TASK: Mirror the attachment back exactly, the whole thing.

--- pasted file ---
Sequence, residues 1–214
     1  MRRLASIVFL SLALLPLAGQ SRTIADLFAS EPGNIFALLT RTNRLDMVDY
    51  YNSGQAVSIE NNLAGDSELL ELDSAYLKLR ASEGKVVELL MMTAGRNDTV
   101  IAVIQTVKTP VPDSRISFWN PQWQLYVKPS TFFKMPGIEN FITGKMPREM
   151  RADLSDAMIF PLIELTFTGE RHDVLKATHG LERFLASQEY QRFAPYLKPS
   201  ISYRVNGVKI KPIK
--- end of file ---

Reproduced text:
Sequence, residues 1–214
     1  MRRLASIVFL SLALLPLAGQ SRTIADLFAS EPGNIFALLT RTNRLDMVDY
    51  YNSGQAVSIE NNLAGDSELL ELDSAYLKLR ASEGKVVELL MMTAGRNDTV
   101  IAVIQTVKTP VPDSRISFWN PQWQLYVKPS TFFKMPGIEN FITGKMPREM
   151  RADLSDAMIF PLIELTFTGE RHDVLKATHG LERFLASQEY QRFAPYLKPS
   201  ISYRVNGVKI KPIK